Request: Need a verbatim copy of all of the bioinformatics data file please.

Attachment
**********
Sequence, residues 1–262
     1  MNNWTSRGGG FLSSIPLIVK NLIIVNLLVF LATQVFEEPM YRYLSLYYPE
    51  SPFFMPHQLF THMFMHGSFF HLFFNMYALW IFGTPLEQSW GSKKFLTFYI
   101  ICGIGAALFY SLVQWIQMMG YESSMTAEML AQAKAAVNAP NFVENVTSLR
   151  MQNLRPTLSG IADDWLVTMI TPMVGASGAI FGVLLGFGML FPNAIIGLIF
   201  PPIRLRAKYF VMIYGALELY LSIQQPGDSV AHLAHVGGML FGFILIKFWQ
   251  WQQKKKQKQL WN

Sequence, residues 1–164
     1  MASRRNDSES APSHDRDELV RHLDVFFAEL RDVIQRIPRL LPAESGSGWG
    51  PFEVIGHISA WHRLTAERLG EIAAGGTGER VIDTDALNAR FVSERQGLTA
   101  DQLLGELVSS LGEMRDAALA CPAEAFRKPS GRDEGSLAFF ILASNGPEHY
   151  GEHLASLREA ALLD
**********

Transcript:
Sequence, residues 1–262
     1  MNNWTSRGGG FLSSIPLIVK NLIIVNLLVF LATQVFEEPM YRYLSLYYPE
    51  SPFFMPHQLF THMFMHGSFF HLFFNMYALW IFGTPLEQSW GSKKFLTFYI
   101  ICGIGAALFY SLVQWIQMMG YESSMTAEML AQAKAAVNAP NFVENVTSLR
   151  MQNLRPTLSG IADDWLVTMI TPMVGASGAI FGVLLGFGML FPNAIIGLIF
   201  PPIRLRAKYF VMIYGALELY LSIQQPGDSV AHLAHVGGML FGFILIKFWQ
   251  WQQKKKQKQL WN

Sequence, residues 1–164
     1  MASRRNDSES APSHDRDELV RHLDVFFAEL RDVIQRIPRL LPAESGSGWG
    51  PFEVIGHISA WHRLTAERLG EIAAGGTGER VIDTDALNAR FVSERQGLTA
   101  DQLLGELVSS LGEMRDAALA CPAEAFRKPS GRDEGSLAFF ILASNGPEHY
   151  GEHLASLREA ALLD